City Council Meeting 8.13.19

Medical Marijuana from the Friendly Market. Medical marijuana is at the heart of a booming industry in Oklahoma. The Norman City Council unanimously postponed amendments for the medical marijuana ordinance that aligns it with updated state laws.

(Kyle Phillips / The Transcript)

Cities all around the state are updating their medical marijuana ordinances to match state law changes, but Norman is revisiting their set of amendments.

After much discussion during the Norman City Council's Tuesday meeting, from both council members and residents, a motion was unanimously passed to postpone all amendments until Aug. 27. Some council members also requested the item be brought up in the next study session for further clarification.

Assistant City Attorney Beth Muckala presented the amendments. She said state laws that are effective Aug. 29 created new licensure categories and some new types of business, which prompted the city to update its licensure process and zoning use categories to match.

The amendments would update Norman’s current medical marijuana ordinance, and includes amendments for licenses and occupations, several districts such as the general agriculture district, zoning ordinances and definitions.

The area in the amendments that was a point of contention was the suggested state license fees adjustment from $1,250 to $850. Many business owners, residents and some council members thought the $850 fee was still too high, while others thought it was a fine compromise.

“I have talked to a lot of medical marijuana business owners in the last couple of weeks and no one is really opposed to paying a fee,” Lucas Watson, Norman resident and owner of a marijuana business said.

“They want it to be fair and they want it to be equitable, and I think that is almost unanimous in everyone across the medical marijuana businesses. They live here in Norman. They work here in Norman,” Watson said. “They want the city to be solvent. They want money to go to sidewalks and low cost spay neuter and all of the things that residents want. They just want it to be fair.”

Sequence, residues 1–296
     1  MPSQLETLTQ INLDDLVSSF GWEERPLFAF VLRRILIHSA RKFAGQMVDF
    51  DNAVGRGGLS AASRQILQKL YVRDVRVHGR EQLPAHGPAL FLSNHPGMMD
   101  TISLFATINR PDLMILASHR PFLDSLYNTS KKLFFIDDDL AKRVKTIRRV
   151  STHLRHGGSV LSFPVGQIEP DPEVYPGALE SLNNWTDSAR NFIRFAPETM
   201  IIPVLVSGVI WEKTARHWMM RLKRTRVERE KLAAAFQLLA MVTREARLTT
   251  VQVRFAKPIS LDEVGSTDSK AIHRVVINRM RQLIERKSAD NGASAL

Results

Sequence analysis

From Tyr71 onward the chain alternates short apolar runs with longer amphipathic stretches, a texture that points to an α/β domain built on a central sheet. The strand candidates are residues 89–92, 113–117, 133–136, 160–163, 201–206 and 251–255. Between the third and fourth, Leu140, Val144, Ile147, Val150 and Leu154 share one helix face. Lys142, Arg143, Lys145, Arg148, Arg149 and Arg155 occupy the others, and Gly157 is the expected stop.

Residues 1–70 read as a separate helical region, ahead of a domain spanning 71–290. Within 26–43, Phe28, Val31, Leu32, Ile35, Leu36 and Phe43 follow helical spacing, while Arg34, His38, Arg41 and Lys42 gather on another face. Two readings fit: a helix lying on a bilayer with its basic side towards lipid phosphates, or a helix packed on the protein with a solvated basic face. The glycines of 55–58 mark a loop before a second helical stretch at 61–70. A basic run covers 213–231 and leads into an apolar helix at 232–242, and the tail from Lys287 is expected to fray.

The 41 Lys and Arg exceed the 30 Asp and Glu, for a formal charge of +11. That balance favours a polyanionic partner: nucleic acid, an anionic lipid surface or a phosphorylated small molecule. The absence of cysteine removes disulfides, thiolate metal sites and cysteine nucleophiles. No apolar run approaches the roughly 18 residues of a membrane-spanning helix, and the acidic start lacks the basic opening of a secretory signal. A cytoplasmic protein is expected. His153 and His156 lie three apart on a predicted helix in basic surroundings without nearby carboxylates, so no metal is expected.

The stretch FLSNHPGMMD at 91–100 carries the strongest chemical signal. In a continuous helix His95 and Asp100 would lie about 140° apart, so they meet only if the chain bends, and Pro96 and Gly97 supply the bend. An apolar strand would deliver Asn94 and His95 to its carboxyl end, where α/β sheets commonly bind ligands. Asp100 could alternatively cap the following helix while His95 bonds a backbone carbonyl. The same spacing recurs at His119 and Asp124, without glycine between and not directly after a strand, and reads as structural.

There are currently 66 medical marijuana businesses in Norman, and several business owners and residents gave input for both sides. Some residents said this could be a large and popular market now, but not all of those businesses will last and the council needs to do what is best for the city.

“I don’t think people are aware of the fee that is assessed with this. I payed almost $7,000 in permitting fees to be a processor in Norman,” Skylar Collins, Norman resident and a hopeful owner of two businesses in town. “I mean, it’s not just $850 and I understand that. What I’m thinking is that the price is ultimately going to go down, because I’m assuming it’s so high right now because we are having to do a lot of investigating.”

Collins said she is grateful for the compromise, but she wants it to be fair for businesses. On a yearly basis that’s a lot of money just to open a business here, she said. Collins said she almost left Norman to open a business in California because it’s cheaper.

Right now the fee is $100, and Mayor Breea Clark said that in previous study sessions they talked about raising the fees to help make sure city staff breaks even in the amount of time they invest in making sure the facilities are safe. However, she said she’s not interested in making money off of this. She said she want’s Norman to be as business friendly as possible.

Alison Petrone, Ward 3 council member, said she sees an equity problem. Since pharmacies do not have to be issued licenses, then medical marijuana facilities should not have to either, or at least the fees shouldn’t be so high, she said.

Petrone originally wanted to strike the permitting fee amendment, but City Attorney Kathryn Walker offered the postponement as an option for the entirety of the amendments. Alex Scott, Ward 8 council member, motioned for the postponement and the council as a whole went that way.

“I think we need to revisit all of these [Norman's business permitting fees]. I don’t think that we should be throwing a dart at individual businesses, and deciding what each permit should be associated with what we sell at their store,” Petrone said. “I think we need to be uniform across the board.”

The state laws are effective Aug. 29, which is also the council’s deadline. If the council passes the amendments Aug. 27 they would be two days ahead of schedule, but several said they would like to take this time to make a more informed decision that is data driven.

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